The start of Dr. Albert Lin’s journey to becoming an explorer—and an Explorer, the National Geographic kind—began at the end of his Ph.D. program in engineering, when he realized that he was wrong about something.
“My assumption that the age of discovery was in the past is totally wrong,” he told me. “As engineers, we can use technology to look in completely new ways. We are—if we decide to [do that]—in the new age of discovery.” So Lin did what you’d expect: “I sold everything I had. I moved into my car. I gave myself a year to raise money to try to do the most audacious thing I could think of.”
That audacious thing was trying to find a nearly 800-year-old grave. “I decided to try to use satellites, drones, radar systems, crowdsource data analytics, all these other things to try to find the tomb of Genghis Khan in Mongolia. And I just said I was going to do it.”
He gave himself one year to make this happen, during which Lin said he was “basically squatting on the university where I just finished my PhD.”
After a few months, he found his way to National Geographic headquarters in Washington, DC. “I just sort of shoved my way there with the best clothes I could borrow from my friends. I gave this pitch and, a year later, I was leading a team into the field with a budget to try to take 10 horses and three military trucks and all of these radar systems,” he told me.
The Valley of the Khans project did not reveal the tomb’s location, but Lin told me that, after three years there, “what we found was incredibly compelling, but it was embargoed by the Mongolian government, so a lot of the findings we can’t really talk about. But it started me off on this entire career of basically following that childhood dream of being Explorer, but in many different places around the world.”
‘We actually make real discoveries’
A lot of Albert Lin’s work involves LIDAR, a “laser range finder” which he described with an example: “You can fly over a canopy of jungle and you can get a sense” of what’s beneath it, on the forest floor.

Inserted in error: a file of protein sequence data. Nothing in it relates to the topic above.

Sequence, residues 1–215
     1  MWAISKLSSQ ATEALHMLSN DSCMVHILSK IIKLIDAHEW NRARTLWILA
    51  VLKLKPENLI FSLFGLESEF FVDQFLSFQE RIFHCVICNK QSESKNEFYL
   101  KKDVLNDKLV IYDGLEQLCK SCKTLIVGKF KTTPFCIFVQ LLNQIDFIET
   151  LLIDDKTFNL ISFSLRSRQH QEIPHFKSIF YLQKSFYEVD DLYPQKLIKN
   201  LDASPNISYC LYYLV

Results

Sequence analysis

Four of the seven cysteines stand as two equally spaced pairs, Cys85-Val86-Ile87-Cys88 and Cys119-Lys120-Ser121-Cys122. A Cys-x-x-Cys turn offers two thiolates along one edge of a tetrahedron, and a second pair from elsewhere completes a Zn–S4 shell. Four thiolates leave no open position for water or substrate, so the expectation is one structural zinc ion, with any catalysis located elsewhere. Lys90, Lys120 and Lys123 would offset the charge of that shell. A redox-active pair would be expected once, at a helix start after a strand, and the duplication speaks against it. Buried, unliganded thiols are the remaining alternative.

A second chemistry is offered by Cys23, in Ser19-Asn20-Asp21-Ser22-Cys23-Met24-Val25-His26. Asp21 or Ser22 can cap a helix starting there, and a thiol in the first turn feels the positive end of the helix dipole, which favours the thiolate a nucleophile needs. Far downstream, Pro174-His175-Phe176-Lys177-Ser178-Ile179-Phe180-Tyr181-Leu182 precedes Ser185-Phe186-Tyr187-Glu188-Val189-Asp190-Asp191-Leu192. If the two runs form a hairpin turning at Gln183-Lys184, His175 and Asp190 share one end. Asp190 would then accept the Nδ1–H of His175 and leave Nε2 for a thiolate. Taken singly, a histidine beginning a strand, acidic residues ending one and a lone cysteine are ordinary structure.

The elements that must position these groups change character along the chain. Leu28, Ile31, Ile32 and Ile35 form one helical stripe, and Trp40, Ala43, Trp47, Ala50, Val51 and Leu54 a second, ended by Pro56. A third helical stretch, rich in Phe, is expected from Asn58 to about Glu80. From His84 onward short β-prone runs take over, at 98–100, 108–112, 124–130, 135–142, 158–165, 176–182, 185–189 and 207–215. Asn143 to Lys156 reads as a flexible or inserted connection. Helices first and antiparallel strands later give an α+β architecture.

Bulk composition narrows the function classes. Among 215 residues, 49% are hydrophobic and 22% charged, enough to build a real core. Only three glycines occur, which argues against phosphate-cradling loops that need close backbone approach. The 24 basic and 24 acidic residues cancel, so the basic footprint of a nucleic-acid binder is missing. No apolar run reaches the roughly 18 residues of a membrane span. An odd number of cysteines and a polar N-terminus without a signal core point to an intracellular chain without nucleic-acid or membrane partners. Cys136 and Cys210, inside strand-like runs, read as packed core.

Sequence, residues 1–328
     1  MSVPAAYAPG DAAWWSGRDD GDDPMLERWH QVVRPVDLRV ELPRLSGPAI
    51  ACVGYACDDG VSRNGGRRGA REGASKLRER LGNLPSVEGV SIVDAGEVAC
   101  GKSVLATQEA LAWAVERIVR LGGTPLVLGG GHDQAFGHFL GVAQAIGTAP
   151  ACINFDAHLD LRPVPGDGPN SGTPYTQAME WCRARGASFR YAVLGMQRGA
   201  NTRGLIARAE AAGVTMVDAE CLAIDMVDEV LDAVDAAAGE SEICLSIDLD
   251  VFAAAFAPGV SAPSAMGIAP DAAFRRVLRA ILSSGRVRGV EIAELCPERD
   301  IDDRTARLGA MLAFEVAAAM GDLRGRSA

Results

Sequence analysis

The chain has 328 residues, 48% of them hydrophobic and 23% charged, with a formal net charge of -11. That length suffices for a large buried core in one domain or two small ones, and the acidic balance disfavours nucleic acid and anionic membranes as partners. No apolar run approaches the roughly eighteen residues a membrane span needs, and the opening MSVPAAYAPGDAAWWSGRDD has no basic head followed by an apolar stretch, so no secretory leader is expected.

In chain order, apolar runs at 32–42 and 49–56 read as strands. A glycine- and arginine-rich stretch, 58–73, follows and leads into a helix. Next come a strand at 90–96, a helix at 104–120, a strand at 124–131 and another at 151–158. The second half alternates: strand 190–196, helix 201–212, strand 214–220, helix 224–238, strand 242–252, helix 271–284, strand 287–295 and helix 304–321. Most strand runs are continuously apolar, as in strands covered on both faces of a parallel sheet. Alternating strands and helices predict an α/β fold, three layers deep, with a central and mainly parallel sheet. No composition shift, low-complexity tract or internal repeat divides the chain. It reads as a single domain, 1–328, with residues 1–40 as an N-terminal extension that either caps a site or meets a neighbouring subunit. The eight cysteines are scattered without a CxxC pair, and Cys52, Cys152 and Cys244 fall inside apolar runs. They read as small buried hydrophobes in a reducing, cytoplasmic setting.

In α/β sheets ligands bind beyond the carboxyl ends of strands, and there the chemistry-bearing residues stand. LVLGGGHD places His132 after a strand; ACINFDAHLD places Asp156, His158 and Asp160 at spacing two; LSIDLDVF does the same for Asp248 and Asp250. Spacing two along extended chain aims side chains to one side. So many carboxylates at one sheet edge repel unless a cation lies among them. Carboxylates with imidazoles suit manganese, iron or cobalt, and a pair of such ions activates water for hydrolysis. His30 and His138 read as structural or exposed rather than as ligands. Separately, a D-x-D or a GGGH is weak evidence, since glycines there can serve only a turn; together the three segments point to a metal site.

While only “about six percent of the laser hits the ground, he said, “digitally you can delete the trees and you’re left with this naked map of the forest floor. And it’s really cutting edge stuff for archeology.”
The result, Lin said, is “essentially a treasure map in our hands.” And that’s what the six episodes of Lost Cities (NatGeo, Mondays at 9) are essentially focused on.
The documentary series, which has a special premiere Sunday at 10 p.m. ET before continuing Monday in its regular timeslot, follows Lin as he works with archeologists “to uncover and resolve mysteries of the past in the most extraordinary sites of antiquity, including the Knights Templar in Israel, the Lost Kingdom of the Pacific in Micronesia and the city behind the legend of El Dorado: City of Gold in Colombia,” according to the network’s description of the show.
Lin said that, unlike other adventure or discovery series where a host just parachutes in to talk about things that have already happened, “We actually make real discoveries on this series. There’s real things that have been found that were never seen before,” he said.
“There are genuine new cities that we found out in the most remote places that no archeologist has stepped foot on for thousands of years. They haven’t been looted.”
Lin and the show’s team—there’s an advance team that goes out to do data collection and analysis before the film crew shows up—do work closely with other scientists and archeologists.
Lin said that the show started by identifying “a number of archeologists that are on the brink of something big, and we’ll apply the most cutting edge technologies we can find to that problem, and piece together how this can really move the dial for them,” he said.
The fact that this is part of a TV show means there are resources available—like technology scientists might not be able to afford.
“Archeologists, they know those tools can make a big difference to their work, but they don’t necessarily have access to them. So then you bring in a TV budget, and you have a helicopter and you have lasers and you have all these other things, you can start moving the dial,” Lin said.
When I said that it’s pretty depressing that our society prioritizes funding entertainment over science, Lin said there should be a “conversation about science not getting funded,” but he sees that “as a different thing.”
His focus her is on “how do you get the general population across the planet—people that otherwise wouldn’t have bumped into these kinds of stories and these kinds of endeavors—to think that that is awesome?”
And that, he said, can contribute to a “rise in consciousness about how awesome these careers are.”
While Lost Cities and his other work may connect kids and people to future careers, it can also help create empathy.
Lin told me that, when he’s looking at a map of a city or an artifact, “every single time I’m face to face with the person who built it. I’m face to face with another human story.”
“Sometimes I’ll find a piece of pottery on the ground,” he said, “and you can see somebody pressed their fingers into it and you can actually see their fingernails and you put your hand right where their fingernail is, and you are literally feeling their finger from 3000 years ago. You realize how diverse our story is, how incredibly empathetic you can be to a larger collective human story.”